A person convicted of a crime years or even decades ago would be mistaken to assume that problems related to the conviction will go away if “enough time passes.” The truth is that without an expungement, a criminal records can persist for a person’s whole life. In fact, the only circumstances under which an expungement is allowed in Pennsylvania are the following:
- If the person reaches 70 years of age and has not been arrested or prosecuted for the past 10 years
- If the person has already been dead for three years
- If the person only committed a summary offense and has not been arrested or prosecuted in the five years since
Thankfully, Pennsylvania law does provide options for those interested in expunging or sealing a criminal record.
Clearing a record through expungement
Background checks reveal a biography of any legal troubles. If a person is applying for a job, an apartment lease or anything else that requires a background check, a past criminal conviction could appear, and consequences may follow. Outside of a pardon, expungement provides a possible solution to removing records of criminal activity.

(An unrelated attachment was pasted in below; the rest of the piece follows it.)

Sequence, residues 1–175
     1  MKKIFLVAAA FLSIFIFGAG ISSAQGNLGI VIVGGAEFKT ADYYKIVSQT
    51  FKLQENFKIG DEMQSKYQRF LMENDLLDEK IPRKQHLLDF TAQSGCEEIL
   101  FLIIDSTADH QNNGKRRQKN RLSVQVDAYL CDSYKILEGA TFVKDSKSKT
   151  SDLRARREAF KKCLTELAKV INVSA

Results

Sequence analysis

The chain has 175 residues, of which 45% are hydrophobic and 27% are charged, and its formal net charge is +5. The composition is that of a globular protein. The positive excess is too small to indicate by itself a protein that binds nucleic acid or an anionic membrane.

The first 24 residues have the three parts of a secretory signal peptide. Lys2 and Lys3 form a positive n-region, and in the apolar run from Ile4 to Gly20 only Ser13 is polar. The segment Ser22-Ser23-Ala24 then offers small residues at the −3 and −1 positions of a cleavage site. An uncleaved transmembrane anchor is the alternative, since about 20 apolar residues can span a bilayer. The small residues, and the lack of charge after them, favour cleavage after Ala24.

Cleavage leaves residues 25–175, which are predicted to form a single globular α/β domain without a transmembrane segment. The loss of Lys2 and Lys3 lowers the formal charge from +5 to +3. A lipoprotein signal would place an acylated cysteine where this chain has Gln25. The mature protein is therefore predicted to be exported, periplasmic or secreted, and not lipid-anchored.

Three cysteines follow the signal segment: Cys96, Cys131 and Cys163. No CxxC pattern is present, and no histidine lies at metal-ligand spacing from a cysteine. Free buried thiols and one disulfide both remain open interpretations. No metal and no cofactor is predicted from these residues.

Expungement renders past criminal records inaccessible to anyone other than the courts, who may only use it in the context of any future arrest or investigation. Once expunged, a criminal record is essentially gone. Some people may wonder if they must admit to a criminal record when asked. After a record has been expunged, someone could legally say that they have no past criminal convictions.
A laywer can help to navigate the process
Anyone interested in a legal expungement must go through a formal legal process. The process does not come with a guaranteed outcome, but filing for an expungement could be well worth the effort considering the potential rewards.
Pennsylvania law also affords an option for partial expungement. “Sealing” criminal records is a separate process. Several misdemeanor convictions may be eligible for records sealing.
Sealing or expunging records requires presenting a completed petition to the court. The petition goes to the courts for review and adjudication based on criminal law statutes. Working with an attorney may be necessary for accuracy and thoroughness with a petition.